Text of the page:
- Lift up strongly through the foot of your extended leg as you hop up. Let your heel guide your leg and whole body vertically toward the ceiling, allowing rather than forcing it.
- Slowly lift your bent leg to meet your other leg only once you feel a sense of control in the vertical position—at the beginning your extended leg will rest against the wall or hover close to it. Moving off of the wall may take weeks or months! Don’t fret! Make a game of it and go as slowly as necessary, without worrying about whether your feet touch the wall or hover away from it. Eventually, you will find your balance and be able to extend your second leg alongside your first and hover comfortably without wall contact—it doesn’t matter for how long.
- Now try the other leg.
- Enjoy the process of transformation and increase your ability to balance longer little by little!
Once You Are Up
Use your core
Avoid a “flat abdomen” in a handstand—no tucking your tailbone and flattening the natural curve of your spine. Do engage your core (your internal and external obliques) in order to prevent your body from “banana-ing,” which can throw off your balance. Draw your bottom ribs in as though you were in tadasana (mountain pose); use your lower core, including your psoas major and rectus abdominis and spinal erectors, to lift your legs and tailbone toward the sky.
Firm your legs
Flex your feet and firm your legs; lift your heels directly skyward. Try squeezing your legs together and lifting up from the center line; also experiment with letting your legs be a comfortable distance apart likewise reaching up through your heels. See what you can learn from those different positions. After you have pressed up through your heels, try pointing your toes.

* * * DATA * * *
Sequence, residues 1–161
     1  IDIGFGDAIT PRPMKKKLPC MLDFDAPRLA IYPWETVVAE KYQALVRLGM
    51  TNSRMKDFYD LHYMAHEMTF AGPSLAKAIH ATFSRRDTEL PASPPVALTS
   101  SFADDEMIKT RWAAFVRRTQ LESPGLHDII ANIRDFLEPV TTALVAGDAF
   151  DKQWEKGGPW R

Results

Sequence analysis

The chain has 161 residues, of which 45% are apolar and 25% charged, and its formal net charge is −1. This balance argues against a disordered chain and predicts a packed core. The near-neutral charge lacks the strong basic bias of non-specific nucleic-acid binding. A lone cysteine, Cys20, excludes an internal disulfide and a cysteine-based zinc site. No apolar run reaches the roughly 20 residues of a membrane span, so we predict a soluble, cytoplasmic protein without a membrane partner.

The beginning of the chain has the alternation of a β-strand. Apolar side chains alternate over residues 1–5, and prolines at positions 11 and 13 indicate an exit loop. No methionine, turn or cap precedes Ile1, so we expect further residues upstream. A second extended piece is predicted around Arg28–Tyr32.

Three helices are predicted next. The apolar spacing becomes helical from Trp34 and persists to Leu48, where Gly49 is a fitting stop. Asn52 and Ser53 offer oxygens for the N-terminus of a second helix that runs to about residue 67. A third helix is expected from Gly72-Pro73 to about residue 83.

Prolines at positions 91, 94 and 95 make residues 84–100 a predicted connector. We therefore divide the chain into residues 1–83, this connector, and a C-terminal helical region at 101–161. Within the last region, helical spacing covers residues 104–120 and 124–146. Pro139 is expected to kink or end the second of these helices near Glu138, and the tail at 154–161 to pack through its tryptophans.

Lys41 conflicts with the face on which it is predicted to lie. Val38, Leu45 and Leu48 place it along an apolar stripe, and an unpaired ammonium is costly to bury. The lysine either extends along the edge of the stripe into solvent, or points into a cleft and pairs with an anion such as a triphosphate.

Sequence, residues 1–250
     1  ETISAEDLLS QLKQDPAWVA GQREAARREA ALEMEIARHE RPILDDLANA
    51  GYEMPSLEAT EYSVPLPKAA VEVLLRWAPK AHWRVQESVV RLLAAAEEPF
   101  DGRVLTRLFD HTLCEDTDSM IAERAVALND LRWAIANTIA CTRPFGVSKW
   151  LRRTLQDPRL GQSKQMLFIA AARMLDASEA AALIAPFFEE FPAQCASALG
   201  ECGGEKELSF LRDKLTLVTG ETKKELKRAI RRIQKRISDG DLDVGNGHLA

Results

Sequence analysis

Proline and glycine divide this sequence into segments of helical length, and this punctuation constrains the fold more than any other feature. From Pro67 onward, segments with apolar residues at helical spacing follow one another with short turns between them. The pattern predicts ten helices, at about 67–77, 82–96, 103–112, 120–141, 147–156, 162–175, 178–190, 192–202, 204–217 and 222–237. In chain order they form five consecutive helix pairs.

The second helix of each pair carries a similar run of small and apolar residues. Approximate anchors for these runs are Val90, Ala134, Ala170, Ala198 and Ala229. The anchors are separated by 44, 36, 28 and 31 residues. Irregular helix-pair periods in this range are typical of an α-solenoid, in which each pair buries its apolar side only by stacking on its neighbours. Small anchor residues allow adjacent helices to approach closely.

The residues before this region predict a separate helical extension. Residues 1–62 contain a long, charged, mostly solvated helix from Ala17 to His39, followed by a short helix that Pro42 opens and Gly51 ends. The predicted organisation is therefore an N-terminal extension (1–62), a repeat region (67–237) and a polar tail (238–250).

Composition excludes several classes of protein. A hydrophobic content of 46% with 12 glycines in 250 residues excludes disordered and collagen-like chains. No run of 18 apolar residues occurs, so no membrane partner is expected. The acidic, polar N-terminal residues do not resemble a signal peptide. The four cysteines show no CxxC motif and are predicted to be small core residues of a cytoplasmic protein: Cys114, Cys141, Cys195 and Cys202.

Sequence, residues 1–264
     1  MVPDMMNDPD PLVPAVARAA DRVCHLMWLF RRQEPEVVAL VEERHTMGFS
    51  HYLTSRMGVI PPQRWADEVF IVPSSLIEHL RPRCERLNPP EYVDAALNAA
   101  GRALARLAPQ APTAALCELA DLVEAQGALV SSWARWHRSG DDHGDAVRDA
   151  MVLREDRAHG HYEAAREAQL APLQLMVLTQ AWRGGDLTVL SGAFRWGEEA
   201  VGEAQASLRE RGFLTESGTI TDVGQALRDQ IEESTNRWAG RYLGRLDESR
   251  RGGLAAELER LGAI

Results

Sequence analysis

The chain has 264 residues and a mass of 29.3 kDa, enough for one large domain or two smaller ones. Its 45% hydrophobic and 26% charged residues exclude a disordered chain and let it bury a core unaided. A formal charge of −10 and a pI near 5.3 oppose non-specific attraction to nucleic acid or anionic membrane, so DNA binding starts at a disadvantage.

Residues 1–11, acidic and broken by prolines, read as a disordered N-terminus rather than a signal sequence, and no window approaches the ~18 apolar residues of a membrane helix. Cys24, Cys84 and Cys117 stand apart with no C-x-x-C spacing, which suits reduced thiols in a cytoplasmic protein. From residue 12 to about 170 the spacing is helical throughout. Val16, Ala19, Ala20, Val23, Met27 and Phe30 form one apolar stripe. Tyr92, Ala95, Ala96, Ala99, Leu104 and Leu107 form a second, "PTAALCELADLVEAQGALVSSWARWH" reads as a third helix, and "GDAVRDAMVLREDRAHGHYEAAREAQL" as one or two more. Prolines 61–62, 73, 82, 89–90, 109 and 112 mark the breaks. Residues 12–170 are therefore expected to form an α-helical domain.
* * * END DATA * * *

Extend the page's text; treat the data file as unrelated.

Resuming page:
Return to the ground as slowly as possible, lifting your tailbone while keeping one leg high and slowly lowering the other. Press into your finger pads and base of knuckles while maintaining the arch of the palm of the hand and lift of the wrist to stabilize you—your weight will shift!—and use your core to slow your descent for as long as possible. Generally, coming down exactly the same way you came up is the best way to learn and maintain balance.
Try handstanding in different environments
Practice everywhere! Try different settings, such as sand, earth, flat and slightly slanted ground.
Practice with kindness
Most importantly, be compassionate with yourself and aware of what’s going on with you emotionally and mentally as you practice. If you observe that you are becoming frustrated, controlling, competitive, or a bit hyper, allow yourself to rest and let go until you feel calm or playfully curious again.